What is Shabbat & its Services? 

Shabbat is an island in time, a day of rest in the rush of activity that engulfs the other six days
of the weekly cycle. For 25 hours — from sundown Friday evening to nightfall Saturday night — we cease all creative involvement with our surroundings, transcend the worries and struggles of our daily existence, and enjoy the divine tranquility of G‑d's day of rest.
 "Work" as it relates to Shabbat rest, is not physical exertion, but what the Torah calls melachah, "creative work." For example, writing or cooking is a melachah, while carrying a heavy piece of furniture across the room is not.

   Our model for the types of activities which constitute "creative work" is the Mishkan ("Tabernacle") — the portable sanctuary built in the Sinai Desert by the people of Israel as a "dwelling" for the Divine Presence. Yet G‑d commanded that the work of building the Mishkan should cease on Shabbat.

  Shabbat is not just a day away from your "official" job; it is a day when we enter a more spiritual mode of being by divesting ourselves of all physically creative activity. Writing,drawing, sculpting or playing a musical instrument are some examples of "leisure" activities that counteract that state of rest we achieve on Shabbat.

   Shabbat is a time for spiritual pursuits — Torah study, prayer, quality time with the family. A
time to disengage from the material husks that encase our lives and touch base with our soul,
with our G‑dly essence and purpose.


   We each have our own way of spending the weekend. Some play sports, others watch television, paint, write or just vegetate. But often we find that even though we are chilling out, somewhere in the back of our minds is that nagging feeling that we still have a pile of work waiting for us. We indeed left work, but work didn't leave us. Even while we are enjoying the weekend we are already dreading Monday morning.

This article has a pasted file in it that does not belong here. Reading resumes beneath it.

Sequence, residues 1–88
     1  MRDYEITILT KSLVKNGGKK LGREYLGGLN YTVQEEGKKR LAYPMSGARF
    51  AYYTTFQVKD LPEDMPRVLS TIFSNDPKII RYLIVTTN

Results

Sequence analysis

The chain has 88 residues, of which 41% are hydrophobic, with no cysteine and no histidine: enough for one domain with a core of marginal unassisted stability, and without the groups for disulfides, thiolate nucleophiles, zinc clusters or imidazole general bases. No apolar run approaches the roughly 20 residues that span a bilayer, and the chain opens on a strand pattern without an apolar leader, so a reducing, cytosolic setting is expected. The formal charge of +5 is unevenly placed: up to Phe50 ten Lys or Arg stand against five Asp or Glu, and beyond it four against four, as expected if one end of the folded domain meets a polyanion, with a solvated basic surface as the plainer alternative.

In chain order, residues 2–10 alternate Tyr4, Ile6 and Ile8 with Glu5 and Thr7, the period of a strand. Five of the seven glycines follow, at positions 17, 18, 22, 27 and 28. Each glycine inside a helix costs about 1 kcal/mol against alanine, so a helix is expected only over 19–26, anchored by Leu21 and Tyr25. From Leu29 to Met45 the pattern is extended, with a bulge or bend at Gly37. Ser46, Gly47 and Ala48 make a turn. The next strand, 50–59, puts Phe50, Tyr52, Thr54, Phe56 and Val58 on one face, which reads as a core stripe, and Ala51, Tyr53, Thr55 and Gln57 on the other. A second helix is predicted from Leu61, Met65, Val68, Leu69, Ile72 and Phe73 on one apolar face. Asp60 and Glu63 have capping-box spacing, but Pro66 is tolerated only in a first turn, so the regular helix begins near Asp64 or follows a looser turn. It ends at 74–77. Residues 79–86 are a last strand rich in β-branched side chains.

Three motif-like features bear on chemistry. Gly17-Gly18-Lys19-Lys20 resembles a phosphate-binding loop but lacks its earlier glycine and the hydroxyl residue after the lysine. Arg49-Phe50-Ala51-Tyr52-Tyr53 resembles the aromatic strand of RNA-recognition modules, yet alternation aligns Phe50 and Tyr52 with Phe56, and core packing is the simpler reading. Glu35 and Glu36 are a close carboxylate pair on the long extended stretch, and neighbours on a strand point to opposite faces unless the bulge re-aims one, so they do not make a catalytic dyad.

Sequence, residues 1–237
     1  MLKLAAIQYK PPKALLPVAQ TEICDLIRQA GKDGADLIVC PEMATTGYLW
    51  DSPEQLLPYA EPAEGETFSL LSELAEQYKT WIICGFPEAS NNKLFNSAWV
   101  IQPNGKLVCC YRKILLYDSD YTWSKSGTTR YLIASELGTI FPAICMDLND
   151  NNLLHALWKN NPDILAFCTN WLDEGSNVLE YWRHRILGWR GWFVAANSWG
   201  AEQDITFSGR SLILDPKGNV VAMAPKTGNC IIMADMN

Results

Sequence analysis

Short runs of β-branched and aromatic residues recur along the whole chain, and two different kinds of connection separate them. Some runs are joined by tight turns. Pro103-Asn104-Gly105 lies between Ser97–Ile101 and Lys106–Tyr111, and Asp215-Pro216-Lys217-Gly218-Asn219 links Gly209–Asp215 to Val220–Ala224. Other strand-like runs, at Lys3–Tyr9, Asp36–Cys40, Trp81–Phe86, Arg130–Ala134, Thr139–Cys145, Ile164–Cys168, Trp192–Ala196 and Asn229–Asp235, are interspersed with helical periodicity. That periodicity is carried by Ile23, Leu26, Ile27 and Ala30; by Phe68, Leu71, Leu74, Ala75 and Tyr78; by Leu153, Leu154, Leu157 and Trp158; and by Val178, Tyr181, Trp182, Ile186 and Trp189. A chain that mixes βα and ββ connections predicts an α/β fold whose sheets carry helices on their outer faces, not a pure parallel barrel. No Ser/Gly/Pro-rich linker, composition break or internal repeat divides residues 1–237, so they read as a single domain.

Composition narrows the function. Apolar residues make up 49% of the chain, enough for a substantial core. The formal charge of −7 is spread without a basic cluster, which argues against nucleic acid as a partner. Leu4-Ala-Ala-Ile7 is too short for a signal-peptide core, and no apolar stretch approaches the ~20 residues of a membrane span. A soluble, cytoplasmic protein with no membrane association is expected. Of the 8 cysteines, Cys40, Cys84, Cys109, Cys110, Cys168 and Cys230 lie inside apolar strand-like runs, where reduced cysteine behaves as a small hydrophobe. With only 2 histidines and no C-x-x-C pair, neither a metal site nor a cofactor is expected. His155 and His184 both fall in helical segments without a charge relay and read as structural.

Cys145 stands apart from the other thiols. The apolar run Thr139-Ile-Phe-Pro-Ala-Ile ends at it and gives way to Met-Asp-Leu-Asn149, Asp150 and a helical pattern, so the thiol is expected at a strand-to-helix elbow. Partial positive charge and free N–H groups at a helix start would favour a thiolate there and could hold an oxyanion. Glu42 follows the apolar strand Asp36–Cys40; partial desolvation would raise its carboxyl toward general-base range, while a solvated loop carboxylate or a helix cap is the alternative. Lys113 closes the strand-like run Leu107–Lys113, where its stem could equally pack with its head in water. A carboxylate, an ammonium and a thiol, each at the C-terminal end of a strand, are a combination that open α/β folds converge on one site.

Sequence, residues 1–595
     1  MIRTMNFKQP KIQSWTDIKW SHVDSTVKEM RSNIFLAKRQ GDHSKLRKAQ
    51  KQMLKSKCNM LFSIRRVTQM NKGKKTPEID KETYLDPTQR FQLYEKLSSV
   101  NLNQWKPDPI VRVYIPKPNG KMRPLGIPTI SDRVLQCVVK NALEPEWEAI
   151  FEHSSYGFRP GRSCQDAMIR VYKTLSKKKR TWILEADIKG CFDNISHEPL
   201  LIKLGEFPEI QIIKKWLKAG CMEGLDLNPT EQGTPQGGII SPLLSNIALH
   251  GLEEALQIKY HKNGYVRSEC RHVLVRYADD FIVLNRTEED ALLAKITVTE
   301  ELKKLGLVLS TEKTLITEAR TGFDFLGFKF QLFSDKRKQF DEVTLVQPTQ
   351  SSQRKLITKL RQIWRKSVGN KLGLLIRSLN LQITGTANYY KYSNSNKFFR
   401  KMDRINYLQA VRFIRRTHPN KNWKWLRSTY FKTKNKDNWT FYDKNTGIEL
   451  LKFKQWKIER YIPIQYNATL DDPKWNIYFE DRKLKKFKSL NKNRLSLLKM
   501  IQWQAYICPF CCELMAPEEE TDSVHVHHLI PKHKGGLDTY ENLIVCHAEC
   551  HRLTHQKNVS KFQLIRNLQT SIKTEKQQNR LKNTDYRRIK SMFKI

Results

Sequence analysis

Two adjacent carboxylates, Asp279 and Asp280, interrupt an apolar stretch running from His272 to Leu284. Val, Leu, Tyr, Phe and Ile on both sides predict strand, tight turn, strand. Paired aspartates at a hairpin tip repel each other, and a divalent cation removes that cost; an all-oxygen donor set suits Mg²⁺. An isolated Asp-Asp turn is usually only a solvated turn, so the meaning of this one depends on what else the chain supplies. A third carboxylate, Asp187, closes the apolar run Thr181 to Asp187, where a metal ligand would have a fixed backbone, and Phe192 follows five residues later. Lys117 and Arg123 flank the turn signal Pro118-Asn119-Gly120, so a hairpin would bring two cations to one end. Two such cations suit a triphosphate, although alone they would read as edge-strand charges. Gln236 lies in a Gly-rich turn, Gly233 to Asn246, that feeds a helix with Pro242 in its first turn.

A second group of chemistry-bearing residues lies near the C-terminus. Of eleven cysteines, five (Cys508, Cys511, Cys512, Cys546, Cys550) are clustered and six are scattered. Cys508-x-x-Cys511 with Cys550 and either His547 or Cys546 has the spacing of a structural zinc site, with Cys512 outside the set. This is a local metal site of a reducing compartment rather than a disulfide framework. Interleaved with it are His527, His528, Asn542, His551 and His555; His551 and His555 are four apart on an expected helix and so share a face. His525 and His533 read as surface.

There needs to be a transition. It is not enough to stop working; we must leave work behind. We can't simply collapse into the weekend; we have to welcome ourselves into it. Only by consciously stepping out of our work week and ushering in our day of rest can we truly relax and rejuvenate. Then we will be ready to face the coming week with renewed purpose.

  That is the secret of the Friday night service: to take a moment to breathe out the week,
and breathe in the Shabbos. Below is our Schedule.


Mincha and Kabbalat Shabbat Services: 10 minutes before sundown

Joyful, melodious, and spiritual prayers welcoming Shabbat.


Shabbat Services: 9:30am 

Join us for a invigorating Shabbat morning services with song-filled prayer, reading of weekly Torah portion and insightful sermon. Followed by a delicious kiddush luncheon.

Bring along the kids for their own mini-minyan, program, prizes, fun, and a kidi-kiddush! 

Mincha Services: 20 minutes before sundown

Traditional Mincha Service followed by Seudah Shlishit and Maariv Service.


Sunday Morning: 8:00

Traditional Shacharit Service sometimes followed with class and breakfast.

Rosh Chodesh MInyan: 7:00

Shacharit, Torah Reading, and Musaf.